What Is The Urinary Tract And How Does It Normally Work
The urinary tract is the kidneys, ureters, bladder, and urethra.
The kidneys filter and remove waste and water from the blood to produce urine. The urine travels from the kidneys down 2 narrow tubes called the ureters. The urine is then stored in the bladder.
When your child does a wee, urine flows out of the body through the urethra, a tube at the bottom of the bladder. The opening of the urethra is at the end of the penis in boys and in front of the vagina in girls.
Front view of the urinary tract
Side view of the female urinary tract
Side view of the male urinary tract
Who Is More Likely To Get It
Your chances of getting VUR are higher with the following:
Birth defect. This is the issue in most primary VUR cases. A child could have a short flap valve that doesnât work.
Genes. Youâre more likely to get VUR if youâre parents or siblings have had the condition. But no specific genes have been found responsible for VUR.
Abnormal bladder function. Children who have nerve or spinal cord problems such as spina bifida have a higher chance of VUR.
Urinary abnormalities. Children with problems in their urinary system are more likely to get this conditions. Some of those problems include:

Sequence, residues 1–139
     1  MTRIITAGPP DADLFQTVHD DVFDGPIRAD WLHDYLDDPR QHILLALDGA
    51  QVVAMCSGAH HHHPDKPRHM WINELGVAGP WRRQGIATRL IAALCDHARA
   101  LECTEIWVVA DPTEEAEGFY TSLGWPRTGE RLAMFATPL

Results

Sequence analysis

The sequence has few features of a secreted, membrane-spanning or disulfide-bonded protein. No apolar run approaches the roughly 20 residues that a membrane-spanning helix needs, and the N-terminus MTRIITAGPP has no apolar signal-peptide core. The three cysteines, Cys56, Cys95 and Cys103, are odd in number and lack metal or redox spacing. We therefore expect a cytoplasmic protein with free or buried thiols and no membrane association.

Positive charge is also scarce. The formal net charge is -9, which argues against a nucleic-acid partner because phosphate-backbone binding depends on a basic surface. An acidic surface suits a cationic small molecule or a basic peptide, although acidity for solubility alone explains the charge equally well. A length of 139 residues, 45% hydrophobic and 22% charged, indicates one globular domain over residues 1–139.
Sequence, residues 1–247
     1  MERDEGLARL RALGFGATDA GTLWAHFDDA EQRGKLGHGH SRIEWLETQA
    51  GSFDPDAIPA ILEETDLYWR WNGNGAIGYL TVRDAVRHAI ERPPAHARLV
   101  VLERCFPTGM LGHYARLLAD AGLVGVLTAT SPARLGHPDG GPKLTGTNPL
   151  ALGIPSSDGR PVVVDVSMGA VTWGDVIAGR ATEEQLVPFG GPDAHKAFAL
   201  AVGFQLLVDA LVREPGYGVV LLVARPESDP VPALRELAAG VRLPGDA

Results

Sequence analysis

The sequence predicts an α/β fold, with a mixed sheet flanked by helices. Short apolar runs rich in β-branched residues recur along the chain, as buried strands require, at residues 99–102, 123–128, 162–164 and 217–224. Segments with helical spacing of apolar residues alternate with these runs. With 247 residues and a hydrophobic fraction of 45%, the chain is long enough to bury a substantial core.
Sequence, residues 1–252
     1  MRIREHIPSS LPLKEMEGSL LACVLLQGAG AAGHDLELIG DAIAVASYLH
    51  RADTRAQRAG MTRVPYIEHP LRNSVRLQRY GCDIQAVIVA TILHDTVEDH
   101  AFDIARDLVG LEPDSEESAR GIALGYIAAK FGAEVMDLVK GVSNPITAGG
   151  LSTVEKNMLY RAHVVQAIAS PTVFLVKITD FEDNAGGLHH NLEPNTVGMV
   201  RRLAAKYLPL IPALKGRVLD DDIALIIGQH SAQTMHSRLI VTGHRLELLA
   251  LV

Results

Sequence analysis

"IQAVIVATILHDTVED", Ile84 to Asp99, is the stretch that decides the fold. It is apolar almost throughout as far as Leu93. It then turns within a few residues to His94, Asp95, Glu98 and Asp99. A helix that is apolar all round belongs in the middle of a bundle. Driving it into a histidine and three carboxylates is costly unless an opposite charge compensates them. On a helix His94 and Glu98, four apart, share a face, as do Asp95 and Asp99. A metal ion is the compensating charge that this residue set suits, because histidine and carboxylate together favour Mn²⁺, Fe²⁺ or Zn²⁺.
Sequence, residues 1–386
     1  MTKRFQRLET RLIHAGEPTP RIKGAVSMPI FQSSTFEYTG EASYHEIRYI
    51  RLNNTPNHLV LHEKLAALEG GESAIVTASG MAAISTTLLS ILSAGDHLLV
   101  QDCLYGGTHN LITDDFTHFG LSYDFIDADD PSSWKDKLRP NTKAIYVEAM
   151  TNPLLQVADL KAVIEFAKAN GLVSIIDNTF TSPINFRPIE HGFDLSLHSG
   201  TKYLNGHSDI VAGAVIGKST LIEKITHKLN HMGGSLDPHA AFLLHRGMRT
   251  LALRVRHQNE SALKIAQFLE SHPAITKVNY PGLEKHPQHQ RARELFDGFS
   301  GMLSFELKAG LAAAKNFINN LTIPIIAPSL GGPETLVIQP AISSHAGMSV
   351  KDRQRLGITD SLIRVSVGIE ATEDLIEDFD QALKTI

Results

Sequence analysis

- Bladder exstrophy
- Ureter duplication
Key Points To Remember
- Most children will outgrow vesicoureteral reflux .
- Children who have recurrent UTIs with high fevers should be evaluated for possible urinary tract problems such as vesicoureteral refluxusually with a renal bladder ultrasound and VCUG.
- Repeated UTIs with high fevers can lead to serious infections with potential to damage a childs kidneys.
- Diet does not cause VUR and cannot prevent it.
- If your child shows signs of scarring on the kidneys or diminished kidney function, surgery may be necessary to correct VUR.
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What Are The Kidneys And What Do They Do
The kidneys are two bean-shaped organs, each about the size of a fist. They are located just below the rib cage, one on each side of the spine. Every day, the two kidneys filter about 120 to 150 quarts of blood to produce about 1 to 2 quarts of urine, composed of wastes and extra fluid. Children produce less urine than adults and the amount produced depends on their age. The kidneys work around the clock a person does not control what they do. Ureters are the thin tubes of muscleone on each side of the bladderthat carry urine from each of the kidneys to the bladder. The bladder stores urine until the person finds an appropriate time and place to urinate.
The kidney is not one large filter. Each kidney is made up of about a million filtering units called nephrons. Each nephron filters a small amount of blood. The nephron includes a filter, called a glomerulus, and a tubule. The nephrons work through a two-step process. The glomerulus lets fluid and waste products pass through it however, it prevents blood cells and large molecules, mostly proteins, from passing. The filtered fluid then passes through the tubule, which changes the fluid by sending needed minerals back to the bloodstream and removing wastes. The final product becomes urine.